From over-sharing to under-sharing: how teens are taking their social conversations underground
Leith Content Strategist George Gunn on the ever-growing appetite for ‘online clandestinity’.
Twitter celebrated its 10th birthday last year, which made a lot of us feel very old all of a sudden. YouTube and Facebook (and Myspace) have been in our lives for even longer — with social media a feature of the Internet mainstream for about 15 years now.
Teenagers and young adults have effectively grown up with social media as an ever-present part of their lives. They also watched as the rest of us blindly stumbled straight into social networking - like moths to a flame - with no comprehension of how our personal data was being hoovered up, or of the real-world repercussions of posting online.
Everything posted online stays there forever, is identifiable to us, and is conveniently searchable and time-stamped.
Just ask Labour MP Jared O’Mara. If this isn’t enough, everything we ‘like’ is searchable; a feature of identity-based social media that’s recently caused some embarrassment for US Senator Ted Cruz. As well as impacting future career prospects, social posts have led to several firings and even prison sentences — most recently for Grenfell Tower rubbernecker Omega Mwaikambo and “America’s most hated man” (some achievement these days): so-called ‘pharma bro’ Martin Shkreli.
“We create this model of how we want people to see us. We monitor what we post and what we like and how we look. But we’re bottling up this other side of us — the real side. You can never truly be yourself without being able to be anonymous.”
All of this has ushered in an appetite for ‘online clandestinity’, where anonymous posters are free to be more outrageous, less anxious about judgement, and just more themselves. This is particularly the case amongst younger Internet users. Even back in 2012, 70% of US teens hid their online lives from their parents — often creating fake personas or duplicate social media profiles.
Online anonymity: a brief history:
First came so-called ‘confession sites’, where users could anonymously submit secrets, rumours and gossip without fear of being identified.
PostSecret started in 2005 as a community mail art project, and provided a safe community for people to freely speak their minds (with a voyeuristic appeal for readers). Inspired by PostSecret, anonymous confession threads sprung out of several US college LiveJournal communities — causing a breeding ground for localised, campus-based gossip.
Anonymous apps inevitably followed. Secret, one of the most popular of these first-wave anonymous apps, launched in 2014 with the following statement:
“We built Secret for people to be themselves and share anything they’re thinking and feeling with their friends without judgment.”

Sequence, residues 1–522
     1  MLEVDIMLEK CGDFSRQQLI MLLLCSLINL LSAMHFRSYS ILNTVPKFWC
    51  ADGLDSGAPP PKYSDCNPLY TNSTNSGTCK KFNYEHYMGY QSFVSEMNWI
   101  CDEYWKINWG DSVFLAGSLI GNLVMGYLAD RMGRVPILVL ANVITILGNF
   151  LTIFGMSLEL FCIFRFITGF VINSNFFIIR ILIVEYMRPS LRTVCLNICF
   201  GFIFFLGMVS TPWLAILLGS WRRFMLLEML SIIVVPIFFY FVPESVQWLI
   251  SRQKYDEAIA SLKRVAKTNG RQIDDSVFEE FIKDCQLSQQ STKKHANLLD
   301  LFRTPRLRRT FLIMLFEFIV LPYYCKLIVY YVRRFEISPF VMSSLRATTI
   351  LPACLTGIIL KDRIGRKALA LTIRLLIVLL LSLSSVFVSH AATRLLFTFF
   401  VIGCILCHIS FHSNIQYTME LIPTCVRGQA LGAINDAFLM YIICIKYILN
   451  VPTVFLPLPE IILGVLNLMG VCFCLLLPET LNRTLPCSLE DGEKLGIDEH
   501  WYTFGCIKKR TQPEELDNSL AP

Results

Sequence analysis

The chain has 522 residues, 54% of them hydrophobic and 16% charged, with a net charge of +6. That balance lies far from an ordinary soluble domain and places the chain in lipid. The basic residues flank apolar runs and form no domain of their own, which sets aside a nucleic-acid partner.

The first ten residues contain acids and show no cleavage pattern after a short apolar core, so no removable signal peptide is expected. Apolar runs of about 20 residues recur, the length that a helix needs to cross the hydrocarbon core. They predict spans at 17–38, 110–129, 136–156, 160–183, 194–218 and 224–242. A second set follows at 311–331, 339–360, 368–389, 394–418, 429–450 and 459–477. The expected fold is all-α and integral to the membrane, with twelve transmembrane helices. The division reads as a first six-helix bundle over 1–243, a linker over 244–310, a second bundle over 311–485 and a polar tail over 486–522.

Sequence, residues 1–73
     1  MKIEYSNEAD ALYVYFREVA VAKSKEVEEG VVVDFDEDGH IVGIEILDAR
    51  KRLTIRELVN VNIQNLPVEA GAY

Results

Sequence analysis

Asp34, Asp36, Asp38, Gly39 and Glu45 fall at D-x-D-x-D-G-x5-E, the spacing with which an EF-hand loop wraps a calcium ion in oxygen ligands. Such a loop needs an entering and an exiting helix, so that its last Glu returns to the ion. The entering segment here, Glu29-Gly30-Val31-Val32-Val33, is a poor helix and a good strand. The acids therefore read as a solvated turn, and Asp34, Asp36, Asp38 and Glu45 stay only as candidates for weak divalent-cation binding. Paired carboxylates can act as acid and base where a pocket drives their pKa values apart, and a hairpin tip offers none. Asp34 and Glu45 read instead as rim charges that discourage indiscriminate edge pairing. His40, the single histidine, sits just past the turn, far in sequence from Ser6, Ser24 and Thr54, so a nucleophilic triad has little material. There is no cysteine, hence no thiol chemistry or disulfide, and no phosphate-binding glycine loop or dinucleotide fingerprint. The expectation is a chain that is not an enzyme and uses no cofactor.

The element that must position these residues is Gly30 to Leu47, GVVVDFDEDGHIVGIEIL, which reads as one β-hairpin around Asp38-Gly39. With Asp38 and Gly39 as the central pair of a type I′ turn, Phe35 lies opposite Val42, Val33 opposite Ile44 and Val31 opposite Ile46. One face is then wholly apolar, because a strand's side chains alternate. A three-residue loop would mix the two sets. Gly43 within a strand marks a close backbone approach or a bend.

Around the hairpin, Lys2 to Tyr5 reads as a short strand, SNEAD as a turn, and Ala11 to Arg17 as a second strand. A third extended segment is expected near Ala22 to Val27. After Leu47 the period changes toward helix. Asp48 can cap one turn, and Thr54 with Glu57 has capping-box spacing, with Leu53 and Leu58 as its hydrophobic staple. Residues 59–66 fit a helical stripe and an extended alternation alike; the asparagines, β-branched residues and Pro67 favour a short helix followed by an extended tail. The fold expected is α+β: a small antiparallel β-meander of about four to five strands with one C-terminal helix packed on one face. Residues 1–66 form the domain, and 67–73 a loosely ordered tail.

Secret’s creators championed a platform that would “bring more authenticity, self-awareness and empathy to the world”. There was one pretty major problem though. Internet users, particularly teenagers and young adults, aren’t very nice to each other.
Trolling, defamation and cyberbullying are rampant enough on mainstream social media, stemming from what John Suler calls the ‘online disinhibition effect’ (essentially, an empathy deficit and lack of restraint as a by-product of non-physical interaction). Secret’s platform — with its added veil of anonymity — only made things worse. As Time’s former tech editor Harry McCracken wrote at the time of its release:
“I shudder to think what teenagers might do to each other on a social network where they know their friends are reading, but they can’t be held responsible for what they say about each other.”
It didn’t take long for McCracken’s fears to come true. Secret shut down after a year due to abuse on the platform, while sexually aggressive comments, racism and even bomb threats contributed to the demise of competitor Yik Yak. Nine teenage suicides were linked to cyberbullying on Ask.fm - causing then-Prime Minister David Cameron to call for a boycott.
Even now, the problem of cyberbullying remains a largely unsolved problem. Candid, launched in 2016, aimed to use machine learning to flag abuse (which led to 40% of posts being removed). Trendwatching talked excitedly of a ‘tantalizing future of anonymity without the assholes!’ Unfortunately, like so many of the pioneer anonymous apps, Candid shut down.
The appeal and popularity of anonymous apps amongst Gen Z is undeniable, and their usefulness extends beyond teenage expression and gossip; activists, particularly those in totalitarian states, are free to mobilise and express dissent without fear of repercussions.
With the desire for online clandestinity going nowhere, will the current leaders — Sarahah and Whisper — be able to stamp out the bullies and trolls for good? Or is Facebook’s recent purchase of new anonymous teen compliment app tbh an indication that the traditional social media giants will start to wade into the space and offer solutions?